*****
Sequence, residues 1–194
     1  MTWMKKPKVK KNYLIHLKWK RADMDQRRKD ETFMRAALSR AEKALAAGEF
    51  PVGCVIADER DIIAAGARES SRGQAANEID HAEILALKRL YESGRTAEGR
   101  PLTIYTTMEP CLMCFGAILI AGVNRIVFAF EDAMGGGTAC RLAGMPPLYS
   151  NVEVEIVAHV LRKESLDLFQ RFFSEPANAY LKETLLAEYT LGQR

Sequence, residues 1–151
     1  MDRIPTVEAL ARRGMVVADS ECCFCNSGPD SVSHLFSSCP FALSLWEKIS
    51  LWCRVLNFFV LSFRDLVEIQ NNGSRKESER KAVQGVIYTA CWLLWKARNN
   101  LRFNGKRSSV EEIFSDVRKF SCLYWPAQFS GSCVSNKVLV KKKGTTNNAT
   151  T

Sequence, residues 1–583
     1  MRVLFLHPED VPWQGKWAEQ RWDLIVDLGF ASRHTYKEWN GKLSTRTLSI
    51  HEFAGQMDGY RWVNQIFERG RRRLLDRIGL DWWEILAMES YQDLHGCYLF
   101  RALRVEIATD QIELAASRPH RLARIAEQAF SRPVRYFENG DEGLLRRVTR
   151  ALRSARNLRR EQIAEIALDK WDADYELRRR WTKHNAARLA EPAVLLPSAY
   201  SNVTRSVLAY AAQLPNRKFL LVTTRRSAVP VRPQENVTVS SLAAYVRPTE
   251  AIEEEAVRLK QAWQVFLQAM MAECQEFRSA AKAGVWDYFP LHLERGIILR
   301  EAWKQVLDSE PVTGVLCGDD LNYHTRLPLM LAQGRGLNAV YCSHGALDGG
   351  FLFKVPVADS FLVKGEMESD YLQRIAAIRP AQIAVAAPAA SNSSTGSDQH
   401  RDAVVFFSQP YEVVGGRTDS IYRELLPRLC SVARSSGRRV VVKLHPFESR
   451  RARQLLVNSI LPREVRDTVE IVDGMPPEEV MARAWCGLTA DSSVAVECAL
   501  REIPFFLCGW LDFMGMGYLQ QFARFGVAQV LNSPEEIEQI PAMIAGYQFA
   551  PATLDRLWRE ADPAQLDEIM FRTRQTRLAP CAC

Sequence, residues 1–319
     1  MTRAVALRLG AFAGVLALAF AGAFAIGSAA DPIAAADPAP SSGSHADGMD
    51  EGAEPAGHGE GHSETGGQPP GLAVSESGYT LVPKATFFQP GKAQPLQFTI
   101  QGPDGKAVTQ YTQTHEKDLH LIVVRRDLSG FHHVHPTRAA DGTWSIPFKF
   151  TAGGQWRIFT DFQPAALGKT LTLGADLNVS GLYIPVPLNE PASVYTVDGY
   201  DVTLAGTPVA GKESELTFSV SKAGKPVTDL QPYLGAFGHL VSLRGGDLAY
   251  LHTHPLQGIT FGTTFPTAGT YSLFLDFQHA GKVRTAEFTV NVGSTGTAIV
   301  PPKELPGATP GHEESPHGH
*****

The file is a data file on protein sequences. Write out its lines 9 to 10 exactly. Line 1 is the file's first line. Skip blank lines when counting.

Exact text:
   101  LRFNGKRSSV EEIFSDVRKF SCLYWPAQFS GSCVSNKVLV KKKGTTNNAT
   151  T